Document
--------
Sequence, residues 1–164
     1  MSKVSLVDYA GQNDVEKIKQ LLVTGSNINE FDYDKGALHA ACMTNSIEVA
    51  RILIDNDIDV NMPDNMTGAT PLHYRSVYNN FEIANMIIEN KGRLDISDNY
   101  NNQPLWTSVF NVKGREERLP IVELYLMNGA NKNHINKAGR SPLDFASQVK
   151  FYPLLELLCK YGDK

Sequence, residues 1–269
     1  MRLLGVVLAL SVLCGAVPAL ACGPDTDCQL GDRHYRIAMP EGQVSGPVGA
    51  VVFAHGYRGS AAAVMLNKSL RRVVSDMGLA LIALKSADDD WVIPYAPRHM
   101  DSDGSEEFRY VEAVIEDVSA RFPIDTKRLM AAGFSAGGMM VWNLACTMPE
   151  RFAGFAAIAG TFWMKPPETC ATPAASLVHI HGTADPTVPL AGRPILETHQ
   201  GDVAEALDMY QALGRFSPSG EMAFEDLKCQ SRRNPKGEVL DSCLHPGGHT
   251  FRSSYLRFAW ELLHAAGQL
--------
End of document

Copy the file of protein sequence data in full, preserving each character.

Sequence, residues 1–164
     1  MSKVSLVDYA GQNDVEKIKQ LLVTGSNINE FDYDKGALHA ACMTNSIEVA
    51  RILIDNDIDV NMPDNMTGAT PLHYRSVYNN FEIANMIIEN KGRLDISDNY
   101  NNQPLWTSVF NVKGREERLP IVELYLMNGA NKNHINKAGR SPLDFASQVK
   151  FYPLLELLCK YGDK

Sequence, residues 1–269
     1  MRLLGVVLAL SVLCGAVPAL ACGPDTDCQL GDRHYRIAMP EGQVSGPVGA
    51  VVFAHGYRGS AAAVMLNKSL RRVVSDMGLA LIALKSADDD WVIPYAPRHM
   101  DSDGSEEFRY VEAVIEDVSA RFPIDTKRLM AAGFSAGGMM VWNLACTMPE
   151  RFAGFAAIAG TFWMKPPETC ATPAASLVHI HGTADPTVPL AGRPILETHQ
   201  GDVAEALDMY QALGRFSPSG EMAFEDLKCQ SRRNPKGEVL DSCLHPGGHT
   251  FRSSYLRFAW ELLHAAGQL